The moka pot (AKA the stovetop espresso, the bialetti, and the moka express) is one of those brew methods that I find feels wildly nostalgic or completely alien, depending on the history you have with it. For many people, the look — and even sounds — of the moka pot can call to mind a strong memory of a grandparent’s kitchen. For others without those sense memories, it’s a big piece of hot metal(?) that people call an espresso machine(?), but brews upside-down(?).
I admittedly fell into the latter camp until very recently. While some time experimenting with a moka pot hasn’t created any memories on par with grandma’s kitchen, learning how to brew coffee with a new method has, as always, been an interesting adventure.
What Is a Moka Pot?
The moka pot was invented by Alfonso Bialetti in 1933, and while some specialty coffee folks bristle at the use of the holy word “espresso” to describe the way the moka pot brews coffee, it isn’t that dissimilar to the original turn of the 20th Century espresso machines, which used steam to push water up through coffee. Water boils in the bottom chamber, eventually building up enough steam pressure to push itself through a pipe and the middle chamber, which is filled with coffee. It then continues up through another pipe and is released into a top chamber.
Moka pot coffee is almost always stronger than drip coffee. That’s because you basically need to get the coffee basket pretty full for the water to flow through well, and there’s no way to get enough water in there to get to a drip ratio. That said, if you used a tiny enough amount of water to get to the same ratio and strength as modern espresso machines, it’d be very tough to extract well. That’s because the amount of pressure built up by this steam process isn’t anywhere near what you get with a modern, pump-driven espresso machine — which is also why you’re not going to get the same kind of thick crema you’re used to at your local coffee shop.
Long story short, I don’t see any good reason to scold anyone away from calling a moka pot “stovetop espresso,” but you also shouldn’t expect to get the same kinds of drinks from it you’d get from an espresso machine.
What's the Right Grind Size for a Moka Pot?
So, enough talk about what a moka pot does and doesn’t do: how can we get it to make the most delicious coffee possible? First, let’s talk about grind size. Grind size is one of the most important determining factors with respect to how much coffee is extracted during the brew process, and therefore in whether your coffee tastes bitter, sour, or just right. Grind size is also where we’re going to deviate most from tradition. Folks often use coffee ground fine enough for regular espresso when brewing a moka pot, and in my brewing and tasting over the past month I just haven’t found that necessary at all.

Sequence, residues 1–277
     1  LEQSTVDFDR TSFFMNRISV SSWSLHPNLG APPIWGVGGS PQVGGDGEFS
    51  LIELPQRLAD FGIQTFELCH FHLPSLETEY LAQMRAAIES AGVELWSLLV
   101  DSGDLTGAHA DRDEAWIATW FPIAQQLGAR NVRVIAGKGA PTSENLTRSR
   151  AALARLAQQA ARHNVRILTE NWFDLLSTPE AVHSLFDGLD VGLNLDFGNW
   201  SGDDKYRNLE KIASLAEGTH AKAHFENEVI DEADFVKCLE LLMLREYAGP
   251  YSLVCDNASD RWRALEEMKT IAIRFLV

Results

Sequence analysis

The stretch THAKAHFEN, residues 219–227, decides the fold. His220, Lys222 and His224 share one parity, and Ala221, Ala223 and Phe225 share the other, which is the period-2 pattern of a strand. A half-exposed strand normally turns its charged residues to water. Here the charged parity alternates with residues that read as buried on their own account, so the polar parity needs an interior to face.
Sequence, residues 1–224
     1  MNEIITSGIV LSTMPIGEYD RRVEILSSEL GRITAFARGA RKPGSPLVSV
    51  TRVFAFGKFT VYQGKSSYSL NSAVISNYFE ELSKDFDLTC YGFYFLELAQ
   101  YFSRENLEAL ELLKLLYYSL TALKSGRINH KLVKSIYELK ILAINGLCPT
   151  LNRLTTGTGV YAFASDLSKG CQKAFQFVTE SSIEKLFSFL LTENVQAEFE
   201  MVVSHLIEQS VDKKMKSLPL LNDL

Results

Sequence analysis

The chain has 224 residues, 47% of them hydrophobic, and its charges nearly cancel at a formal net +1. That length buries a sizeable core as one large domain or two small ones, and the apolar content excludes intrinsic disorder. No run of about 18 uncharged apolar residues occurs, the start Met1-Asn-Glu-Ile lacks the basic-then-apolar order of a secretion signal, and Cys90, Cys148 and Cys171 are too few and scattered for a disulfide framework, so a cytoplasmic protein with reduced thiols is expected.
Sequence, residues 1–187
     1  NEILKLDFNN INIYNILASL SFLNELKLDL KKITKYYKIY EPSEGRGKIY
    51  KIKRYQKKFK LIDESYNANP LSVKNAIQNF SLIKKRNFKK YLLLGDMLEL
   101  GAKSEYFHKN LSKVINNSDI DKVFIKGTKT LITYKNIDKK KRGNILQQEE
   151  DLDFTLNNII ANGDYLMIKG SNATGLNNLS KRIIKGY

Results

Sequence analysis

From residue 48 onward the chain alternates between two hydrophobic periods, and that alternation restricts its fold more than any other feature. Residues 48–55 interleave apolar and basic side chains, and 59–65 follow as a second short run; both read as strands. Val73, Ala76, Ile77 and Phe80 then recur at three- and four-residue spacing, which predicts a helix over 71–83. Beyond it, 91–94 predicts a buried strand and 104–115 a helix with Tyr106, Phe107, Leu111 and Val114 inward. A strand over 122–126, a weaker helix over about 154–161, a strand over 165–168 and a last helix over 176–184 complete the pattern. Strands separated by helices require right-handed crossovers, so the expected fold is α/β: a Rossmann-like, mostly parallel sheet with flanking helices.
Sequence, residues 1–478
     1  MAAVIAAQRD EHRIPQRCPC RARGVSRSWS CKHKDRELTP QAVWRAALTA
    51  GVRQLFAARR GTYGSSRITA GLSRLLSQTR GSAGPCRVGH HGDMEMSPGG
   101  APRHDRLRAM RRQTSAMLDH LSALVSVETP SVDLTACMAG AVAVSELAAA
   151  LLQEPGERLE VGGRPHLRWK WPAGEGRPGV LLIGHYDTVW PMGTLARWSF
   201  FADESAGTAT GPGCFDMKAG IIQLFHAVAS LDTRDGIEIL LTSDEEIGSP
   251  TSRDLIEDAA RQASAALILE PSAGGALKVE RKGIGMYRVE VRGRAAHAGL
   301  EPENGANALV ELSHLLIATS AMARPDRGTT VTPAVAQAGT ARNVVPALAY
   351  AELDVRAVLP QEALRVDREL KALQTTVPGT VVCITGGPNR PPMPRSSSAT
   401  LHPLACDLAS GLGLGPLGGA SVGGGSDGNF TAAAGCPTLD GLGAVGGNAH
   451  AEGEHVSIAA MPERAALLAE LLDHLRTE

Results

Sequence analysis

A medium grind, similar to what you’d use for drip coffee or a pour over, has produced for me coffee that’s plenty sweet but not bitter, while still letting some of coffee's acidity shine through. With the pressure increase and the basically as-high-as-possible brewing temperature, medium is fine enough (though as always, if you brew this way and the coffee is too acidic for you, go ahead and grind finer until you get a result you enjoy).
I will say that I’ve been using a six-cup moka pot. If you’re using a smaller one (or just using less water), the water will take less time to go through the coffee, so you might want to grind a few clicks finer to get the same amount of extraction (though I still wouldn’t want to get anywhere close to a traditional espresso grind). And there’s no reason to tamp down your grinds, the way you would while preparing a shot in a regular espresso machine.
Getting to the Right Temperature
Two other factors that I’ve seen folks in specialty play with while trying to make the moka pot taste delicious are heating the water, and cooling down the moka pot afterwards. With these, I’ve landed on more traditional methods. I tried a few times to heat the water in a separate kettle, then pour it into the moka pot, then put the pot on the stove. With this method, the moka pot spends less time on the stove, which is desirable because the coffee grounds spend less time in contact with super-hot metal.